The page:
Giving Long Best Man Speech Jokes Short Shrift

It's not the size, it's what you do with it that counts. This statement is true for the type of rib-ticklers found in both jeans and jokebooks, because as most poorly-endowed men will tell you, even the shortest ones can pack a punch! This is certainly true when it comes to humour, so if you really want to create a memorable wedding speech, try to pare back the length of your witticisms and turn them into one-liners before your very eyes.

One common trait of amateur joke writers is they'll often include too much information in their gag because they presume the audience won't get it otherwise. But unless you're performing to a room full of thickos (we're looking at you, Jim Davidson) you can be sure that most people will understand your joke if your delivery and the general idea are clear and succinct.

  1. "Jessica's been doing a special diet to prepare for today. She's completely sworn off fats. Bad luck David."

This one works if the groom, David, is a little tubby, with no further explanation needed. This next short line doesn't require much of a setup either, which is another sign of a good joke.

  1. "I knew Gary was nervous when he asked if I had anything to get rid of diarrhoea. I offered him some Imodium; it turns out we needed a mop, bucket and a new pair of underpants."

That line would go well after a section of speech where you've already been talking about the Groom's anxiety. If Gary is known for his nervous disposition, then you could easily continue this theme with the following line, without needing much exposition in between.

  1. "Gary has a lot in common with Theresa May, you know. As their big dates approached, they've both been frantically Googling "How to get a big extension'."

  1. "To add to his nerves, last week these two fell out and Karen was so mad she told Gaz to pack his bags, the wedding was off. As he walked out she yelled, 'I hope you die a long, slow, painful death', and he thought 'Phew, it's back on'.

As you can see, we've thrown in two quick-fire gags there, and if you included a short bridge between these and the diarrhoea line, you could feasibly deliver all three in about thirty seconds. If the first one flops, your second gag is but a heartbeat away, and the third wraps it up nicely. This is the main strength of short jokes. The worst are quickly forgotten, whereas the best are repeatable all night long.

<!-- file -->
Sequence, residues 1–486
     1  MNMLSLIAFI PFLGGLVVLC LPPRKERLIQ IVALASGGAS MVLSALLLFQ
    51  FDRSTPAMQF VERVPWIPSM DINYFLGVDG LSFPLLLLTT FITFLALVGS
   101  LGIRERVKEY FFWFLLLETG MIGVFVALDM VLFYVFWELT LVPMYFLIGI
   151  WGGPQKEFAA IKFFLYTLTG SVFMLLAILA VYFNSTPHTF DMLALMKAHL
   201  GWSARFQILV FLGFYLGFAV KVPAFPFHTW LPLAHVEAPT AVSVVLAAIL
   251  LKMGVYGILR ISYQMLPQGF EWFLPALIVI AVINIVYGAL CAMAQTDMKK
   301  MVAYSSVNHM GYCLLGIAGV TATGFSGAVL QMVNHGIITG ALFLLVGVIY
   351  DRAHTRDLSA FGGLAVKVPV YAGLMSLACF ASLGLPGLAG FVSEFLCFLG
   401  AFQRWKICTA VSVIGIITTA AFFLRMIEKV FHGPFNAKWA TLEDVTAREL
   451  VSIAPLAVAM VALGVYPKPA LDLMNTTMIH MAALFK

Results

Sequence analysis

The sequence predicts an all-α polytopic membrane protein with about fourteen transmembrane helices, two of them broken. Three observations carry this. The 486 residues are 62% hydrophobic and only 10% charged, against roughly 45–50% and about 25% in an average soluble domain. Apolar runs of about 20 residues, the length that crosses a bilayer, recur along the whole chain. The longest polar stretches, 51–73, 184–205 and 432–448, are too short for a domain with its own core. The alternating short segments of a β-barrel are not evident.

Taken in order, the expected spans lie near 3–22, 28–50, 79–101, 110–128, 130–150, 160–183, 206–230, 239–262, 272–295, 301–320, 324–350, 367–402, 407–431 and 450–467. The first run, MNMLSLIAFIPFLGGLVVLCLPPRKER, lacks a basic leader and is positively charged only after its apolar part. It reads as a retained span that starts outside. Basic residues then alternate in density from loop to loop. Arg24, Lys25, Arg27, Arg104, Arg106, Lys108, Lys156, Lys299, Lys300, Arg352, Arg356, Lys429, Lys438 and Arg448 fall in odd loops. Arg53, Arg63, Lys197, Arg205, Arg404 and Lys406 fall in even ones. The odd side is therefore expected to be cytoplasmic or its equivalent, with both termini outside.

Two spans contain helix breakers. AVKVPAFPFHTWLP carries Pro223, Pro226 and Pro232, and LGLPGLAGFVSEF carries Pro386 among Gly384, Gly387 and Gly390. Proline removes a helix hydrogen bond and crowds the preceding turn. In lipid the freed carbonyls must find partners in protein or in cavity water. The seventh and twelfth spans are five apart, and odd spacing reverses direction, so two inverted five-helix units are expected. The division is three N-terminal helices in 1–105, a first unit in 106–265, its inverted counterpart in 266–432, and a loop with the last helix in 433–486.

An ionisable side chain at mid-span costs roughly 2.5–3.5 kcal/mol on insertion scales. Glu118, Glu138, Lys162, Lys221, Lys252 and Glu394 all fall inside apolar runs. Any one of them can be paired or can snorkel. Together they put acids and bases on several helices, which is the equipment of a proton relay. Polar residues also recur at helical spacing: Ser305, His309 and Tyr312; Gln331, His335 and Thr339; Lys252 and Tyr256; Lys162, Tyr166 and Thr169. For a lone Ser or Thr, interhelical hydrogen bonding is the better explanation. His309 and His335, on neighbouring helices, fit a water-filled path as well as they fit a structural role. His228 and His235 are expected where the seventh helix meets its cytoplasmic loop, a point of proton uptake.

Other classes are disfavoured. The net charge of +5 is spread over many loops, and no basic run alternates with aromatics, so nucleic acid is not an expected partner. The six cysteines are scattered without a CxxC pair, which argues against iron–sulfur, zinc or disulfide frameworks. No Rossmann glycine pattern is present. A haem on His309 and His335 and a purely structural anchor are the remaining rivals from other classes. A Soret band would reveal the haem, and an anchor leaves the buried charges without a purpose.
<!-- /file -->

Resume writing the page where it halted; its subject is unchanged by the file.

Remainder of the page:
1. "They are infatuated with each other, even if they have had an on-off relationship. Anne turns the heating on, Jon turns it off. Jon turns himself on… you get the picture."

  1. "To pick their honeymoon destination, Anne told Jonny to throw a dart at a map and they'd go wherever it landed. He missed and hit a packet of crackers. They've booked two weeks at the Ritz."

These are two jokes in a row that work with each other perfectly. Even if one doesn't land, the one that does will win you praise and free drinks at the bar all night long. In the land of comedy, it is the shortest jokes which wield the most power. They're like hilarious little Dukes!

That being said, longer jokes and anecdotes still have their place in a well-written wedding speech - you don't want the whole thing to seem like a Stewart Francis routine - so keep your one-liners to blocks of four or five at the most, and always sandwich them in between heartfelt or anecdotal material.

We'll leave you with one more one-liner to wrap things up.

  1. "And finally, thank you to my next-door neighbour for donating a large sheet of plastic which we used to cover the pavilion in case rain disrupted the ceremony. Ta Pauline!"